An analyst has given his verdict on items which may have cut Apollo’s appetite in taking over Aberdeen engineering group Wood (LON: WG) – namely growth market exposure.
The US private equity firm made five proposals over several weeks to the board of Wood, but all of them were deemed to have undervalued the business.
This week, after a long gap and a request for extra time to make a final decision, Apollo decided against making a firm offer.
Shares in Wood dropped 37% on the news, currently trading at £1.38.
Apollo on Wood’s energy transition exposure
Gneiss Energy, an industry financial advisory firm, said capital discipline from Apollo – and Wood’s exposure to the energy transition – may have played a hand.
A spokesperson said: “In the past Apollo has demonstrated a strong capital discipline and it would appear their initial expectations around growth market exposure has lessened during the due diligence gathering exercise.
“Post AMEC disposal, Wood’s exposure to the oil and gas market has expanded and as a result the ratings attraction for this sector is largely supported by cash distributions to shareholders.
“Wood is in recovery mode post its de-leveraging event and it will take time for the shares to find fresh support levels without evidence the business is capable of ramping up cash distributions.”
Small revenues from energy transition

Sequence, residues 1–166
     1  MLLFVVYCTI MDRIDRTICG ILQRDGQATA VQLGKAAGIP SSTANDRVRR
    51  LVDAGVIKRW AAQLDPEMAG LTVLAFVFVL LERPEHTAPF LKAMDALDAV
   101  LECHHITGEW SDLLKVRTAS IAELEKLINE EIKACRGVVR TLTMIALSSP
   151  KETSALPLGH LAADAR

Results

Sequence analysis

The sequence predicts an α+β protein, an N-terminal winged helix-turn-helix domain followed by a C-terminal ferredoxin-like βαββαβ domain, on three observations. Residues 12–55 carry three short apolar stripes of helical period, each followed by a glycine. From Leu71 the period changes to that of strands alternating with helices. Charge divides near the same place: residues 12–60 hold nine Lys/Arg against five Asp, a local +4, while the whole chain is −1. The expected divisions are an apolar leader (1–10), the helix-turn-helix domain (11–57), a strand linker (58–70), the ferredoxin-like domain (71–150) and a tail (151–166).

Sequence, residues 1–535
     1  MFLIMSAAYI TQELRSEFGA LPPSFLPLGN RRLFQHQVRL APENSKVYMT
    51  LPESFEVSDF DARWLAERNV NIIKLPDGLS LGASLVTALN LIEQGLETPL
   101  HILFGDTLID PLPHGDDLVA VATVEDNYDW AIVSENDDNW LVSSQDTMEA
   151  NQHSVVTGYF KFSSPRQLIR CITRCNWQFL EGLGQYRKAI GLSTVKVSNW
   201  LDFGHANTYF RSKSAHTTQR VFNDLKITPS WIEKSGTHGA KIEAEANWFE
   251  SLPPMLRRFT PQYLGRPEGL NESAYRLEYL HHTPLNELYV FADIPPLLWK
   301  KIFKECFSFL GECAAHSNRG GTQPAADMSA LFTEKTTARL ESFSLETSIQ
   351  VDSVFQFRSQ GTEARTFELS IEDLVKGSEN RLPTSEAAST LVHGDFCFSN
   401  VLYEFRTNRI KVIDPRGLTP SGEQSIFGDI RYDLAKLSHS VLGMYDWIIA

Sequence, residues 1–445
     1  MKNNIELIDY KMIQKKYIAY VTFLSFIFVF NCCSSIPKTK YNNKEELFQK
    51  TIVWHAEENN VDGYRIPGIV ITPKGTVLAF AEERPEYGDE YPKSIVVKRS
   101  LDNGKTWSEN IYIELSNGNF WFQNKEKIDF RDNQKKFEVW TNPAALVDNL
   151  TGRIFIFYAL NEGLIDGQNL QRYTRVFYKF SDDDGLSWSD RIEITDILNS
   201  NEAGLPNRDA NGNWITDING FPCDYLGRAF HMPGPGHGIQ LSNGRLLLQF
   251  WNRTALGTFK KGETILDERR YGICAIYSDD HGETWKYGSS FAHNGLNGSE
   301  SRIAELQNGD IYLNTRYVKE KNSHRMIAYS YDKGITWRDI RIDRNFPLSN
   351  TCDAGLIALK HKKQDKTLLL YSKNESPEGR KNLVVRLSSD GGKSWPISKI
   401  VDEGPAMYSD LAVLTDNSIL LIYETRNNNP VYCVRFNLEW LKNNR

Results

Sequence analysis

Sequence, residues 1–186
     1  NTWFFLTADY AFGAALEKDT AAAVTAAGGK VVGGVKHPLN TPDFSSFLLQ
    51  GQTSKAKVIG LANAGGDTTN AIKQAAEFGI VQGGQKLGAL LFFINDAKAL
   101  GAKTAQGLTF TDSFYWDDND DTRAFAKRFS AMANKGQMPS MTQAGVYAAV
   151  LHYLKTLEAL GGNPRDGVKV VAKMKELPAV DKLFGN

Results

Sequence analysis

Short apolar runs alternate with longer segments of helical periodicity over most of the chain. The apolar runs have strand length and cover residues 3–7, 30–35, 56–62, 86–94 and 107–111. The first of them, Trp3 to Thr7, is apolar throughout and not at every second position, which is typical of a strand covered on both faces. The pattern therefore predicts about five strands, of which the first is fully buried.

The sale of Wood’s Built Environment Business last year cut debt, which was down to $736m at the end of 2022, compared to $18bn in 2021.
However the sale was also a major driver of losses during the year.
During those results, London-listed Wood pointed to a $542m impairment charge taken as a result of the sale of its built environment business to WSP Global in September, alongside “increases in discount rates and lower expectations of profitability during the forecast period”.
Gneiss Energy added: “Although Wood’s exposure to the energy transition is real, current levels of activity are largely supported by small revenue feasibility studies.
“Until these jobs convert to detailed engineering its likely Wood will struggle to break its x-growth rating.”
Industry commentator Dick Winchester said management has been “risk-averse” to date, but there are opportunities ahead in the energy transition for Wood.
“There was and still is an opportunity here for Wood to become Scotland’s primary Net Zero technology developer because they have the basic skills and understanding needed to do that including evolving into manufacturing, but they probably need to make a couple of acquisitions outside their comfort zone to help them do that.
“It’s clear though they’ve really got to up their game otherwise there’s a real chance they’ll go nowhere fast.”